Normally, I use this space to run down various news items related to the campaign, but today I am going to deviate from that practice to offer a snapshot of where I think the midterm battle stands.
The place to start is with independent voters, as they are the ones who swing elections in contemporary America. Indeed, as the parties have become more polarized, independents are now more important politically than ever before. The following is an average of the independent vote in the generic ballot polls in the RealClearPolitics average:
This is a major problem for the Democratic party. It is averaging less than one out of three independent/unaffiliated voters. Importantly, all of these polls indicate that party voters have generally sorted themselves out – Republican voters have already broken to Republicans, Democrats to Democrats. Most of the undecided voters at this point are independents.
It’s hard to say how the remaining independents will finally break, though I think the best case scenario for the Democrats is that they break evenly between the two parties. The worst case would be if they break 9:1 or thereabouts for the Republicans. My guess is that the remaining independents break roughly as the decided ones have broken, on about a 4:3 basis toward the GOP.
This would create a result among independent voters that is basically indistinguishable from 1994 – about 56 percent to the Republicans, 40 percent to the Democrats, and a smattering to third-party candidates. By the way, this is also about the inverse of how independents broke in 2006. What's more, Gallup has generally found President Obama's job approval with independents around 40 percent, so it stands to reason that this is how well the Democrats will do with independents next month.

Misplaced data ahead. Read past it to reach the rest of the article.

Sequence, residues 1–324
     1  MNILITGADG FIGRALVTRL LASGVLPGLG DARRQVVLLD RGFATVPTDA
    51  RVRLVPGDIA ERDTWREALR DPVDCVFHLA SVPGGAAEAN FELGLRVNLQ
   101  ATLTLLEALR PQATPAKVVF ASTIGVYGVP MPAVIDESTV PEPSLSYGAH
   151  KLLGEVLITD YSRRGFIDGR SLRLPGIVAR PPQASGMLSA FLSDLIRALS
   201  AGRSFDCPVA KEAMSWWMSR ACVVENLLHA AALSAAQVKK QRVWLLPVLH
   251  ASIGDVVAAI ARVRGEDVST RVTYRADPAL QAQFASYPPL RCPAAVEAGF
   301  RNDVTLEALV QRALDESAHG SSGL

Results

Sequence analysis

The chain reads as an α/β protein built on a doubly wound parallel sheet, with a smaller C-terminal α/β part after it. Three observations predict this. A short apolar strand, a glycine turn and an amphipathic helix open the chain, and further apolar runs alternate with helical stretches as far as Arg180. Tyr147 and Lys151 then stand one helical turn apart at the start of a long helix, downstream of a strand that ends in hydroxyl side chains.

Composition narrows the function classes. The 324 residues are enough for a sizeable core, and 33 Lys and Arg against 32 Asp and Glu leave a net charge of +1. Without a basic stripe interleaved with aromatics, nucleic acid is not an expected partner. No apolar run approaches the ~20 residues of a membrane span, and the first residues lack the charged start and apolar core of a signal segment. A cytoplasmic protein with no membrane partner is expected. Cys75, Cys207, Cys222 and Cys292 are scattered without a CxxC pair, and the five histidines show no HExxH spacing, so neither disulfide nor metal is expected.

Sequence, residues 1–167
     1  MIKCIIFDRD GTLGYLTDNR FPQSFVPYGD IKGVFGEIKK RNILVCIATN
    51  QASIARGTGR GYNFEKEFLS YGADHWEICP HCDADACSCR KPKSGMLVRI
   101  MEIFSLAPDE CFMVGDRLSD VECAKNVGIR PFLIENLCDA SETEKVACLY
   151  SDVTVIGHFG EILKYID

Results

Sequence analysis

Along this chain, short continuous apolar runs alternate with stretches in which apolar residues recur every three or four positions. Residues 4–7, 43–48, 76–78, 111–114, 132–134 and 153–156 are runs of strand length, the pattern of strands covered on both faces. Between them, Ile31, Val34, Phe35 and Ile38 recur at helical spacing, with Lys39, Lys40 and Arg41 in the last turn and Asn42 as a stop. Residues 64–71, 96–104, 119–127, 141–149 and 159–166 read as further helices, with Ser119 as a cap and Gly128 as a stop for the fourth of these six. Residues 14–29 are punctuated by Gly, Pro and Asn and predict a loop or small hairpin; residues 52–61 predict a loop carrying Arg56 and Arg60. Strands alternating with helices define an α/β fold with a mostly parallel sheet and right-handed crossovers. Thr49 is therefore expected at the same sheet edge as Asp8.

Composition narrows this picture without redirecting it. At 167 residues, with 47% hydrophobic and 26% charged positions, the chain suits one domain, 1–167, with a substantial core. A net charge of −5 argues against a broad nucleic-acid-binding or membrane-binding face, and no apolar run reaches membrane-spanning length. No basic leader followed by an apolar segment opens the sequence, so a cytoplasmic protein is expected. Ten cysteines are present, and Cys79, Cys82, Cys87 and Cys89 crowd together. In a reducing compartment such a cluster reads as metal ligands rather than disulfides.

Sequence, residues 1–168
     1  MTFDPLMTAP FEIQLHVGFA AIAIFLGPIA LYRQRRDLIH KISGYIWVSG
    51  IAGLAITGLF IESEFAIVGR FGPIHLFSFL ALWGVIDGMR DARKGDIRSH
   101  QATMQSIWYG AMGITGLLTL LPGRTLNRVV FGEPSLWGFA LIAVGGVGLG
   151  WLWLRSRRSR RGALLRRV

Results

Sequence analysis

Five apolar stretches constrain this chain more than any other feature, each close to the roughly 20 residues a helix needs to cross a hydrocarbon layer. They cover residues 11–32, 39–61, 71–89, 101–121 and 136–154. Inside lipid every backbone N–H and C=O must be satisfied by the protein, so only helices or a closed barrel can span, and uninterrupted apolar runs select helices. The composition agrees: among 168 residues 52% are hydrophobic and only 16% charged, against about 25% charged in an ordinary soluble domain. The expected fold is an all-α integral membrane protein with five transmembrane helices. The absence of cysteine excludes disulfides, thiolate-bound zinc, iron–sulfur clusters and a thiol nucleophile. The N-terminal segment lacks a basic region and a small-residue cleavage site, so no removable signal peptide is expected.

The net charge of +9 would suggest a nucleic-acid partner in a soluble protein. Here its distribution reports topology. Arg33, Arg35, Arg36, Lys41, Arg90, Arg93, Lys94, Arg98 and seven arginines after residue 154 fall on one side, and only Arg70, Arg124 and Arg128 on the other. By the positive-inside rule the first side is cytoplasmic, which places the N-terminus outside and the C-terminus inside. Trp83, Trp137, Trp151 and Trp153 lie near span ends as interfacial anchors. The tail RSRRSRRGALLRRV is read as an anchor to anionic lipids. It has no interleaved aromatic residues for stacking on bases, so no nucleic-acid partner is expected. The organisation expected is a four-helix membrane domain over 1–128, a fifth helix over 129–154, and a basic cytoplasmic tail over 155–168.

But where will the final results stand? The polls are all over the place – Newsweek says the Dems have a 5 percent lead, while CNN says the GOP is running away with it. These differences are not really due to variations in the independent vote, which as you can see above is pretty stable across polls. It is mostly due to variations in the relative strength of both parties in any given sample – how many Republicans are in the sample, how many Democrats, and how well both sides perform with their partisans.
This is where polls this cycle can really lead us astray. In particular, that Newsweek poll, which finds the GOP down 5 overall but up 17 with independents, should raise some alarms. The only way to square a D+5 national result with an R+17 independent result is to predict a heavily Democratic electorate, which is exactly what Newsweek did. But in reality the partisan composition of the midterm electorate has been quite stable for the last four midterms, with both sides being roughly equally proportioned.
Of course, small changes in the partisan composition of the electorate could have a big impact on the House. While the independent vote has been pretty stable for some time, Democrats are working furiously to drive up enthusiasm among their own partisans. What kind of result could their efforts produce, if we assume that independents remain unchanged?
To get an answer to this question, let’s map out a couple scenarios for the final 2010 House result and assume that the independents break like they did in 1994 – 56 percent Republican to 40 percent Democratic.